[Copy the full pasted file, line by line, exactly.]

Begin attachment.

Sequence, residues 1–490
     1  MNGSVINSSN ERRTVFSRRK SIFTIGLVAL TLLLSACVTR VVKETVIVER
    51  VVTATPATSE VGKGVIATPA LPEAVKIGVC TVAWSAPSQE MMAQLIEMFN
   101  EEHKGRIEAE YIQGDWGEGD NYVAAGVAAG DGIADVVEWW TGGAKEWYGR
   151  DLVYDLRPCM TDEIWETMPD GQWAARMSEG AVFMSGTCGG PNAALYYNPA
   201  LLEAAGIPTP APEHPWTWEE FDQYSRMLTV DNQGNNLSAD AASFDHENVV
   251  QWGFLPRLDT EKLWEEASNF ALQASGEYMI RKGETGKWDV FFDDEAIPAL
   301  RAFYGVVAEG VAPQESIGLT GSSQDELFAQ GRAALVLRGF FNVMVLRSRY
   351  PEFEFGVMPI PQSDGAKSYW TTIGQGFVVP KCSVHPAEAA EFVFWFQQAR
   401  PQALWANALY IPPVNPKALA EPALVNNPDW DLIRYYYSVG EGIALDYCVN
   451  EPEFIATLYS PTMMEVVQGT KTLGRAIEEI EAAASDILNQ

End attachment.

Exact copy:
Sequence, residues 1–490
     1  MNGSVINSSN ERRTVFSRRK SIFTIGLVAL TLLLSACVTR VVKETVIVER
    51  VVTATPATSE VGKGVIATPA LPEAVKIGVC TVAWSAPSQE MMAQLIEMFN
   101  EEHKGRIEAE YIQGDWGEGD NYVAAGVAAG DGIADVVEWW TGGAKEWYGR
   151  DLVYDLRPCM TDEIWETMPD GQWAARMSEG AVFMSGTCGG PNAALYYNPA
   201  LLEAAGIPTP APEHPWTWEE FDQYSRMLTV DNQGNNLSAD AASFDHENVV
   251  QWGFLPRLDT EKLWEEASNF ALQASGEYMI RKGETGKWDV FFDDEAIPAL
   301  RAFYGVVAEG VAPQESIGLT GSSQDELFAQ GRAALVLRGF FNVMVLRSRY
   351  PEFEFGVMPI PQSDGAKSYW TTIGQGFVVP KCSVHPAEAA EFVFWFQQAR
   401  PQALWANALY IPPVNPKALA EPALVNNPDW DLIRYYYSVG EGIALDYCVN
   451  EPEFIATLYS PTMMEVVQGT KTLGRAIEEI EAAASDILNQ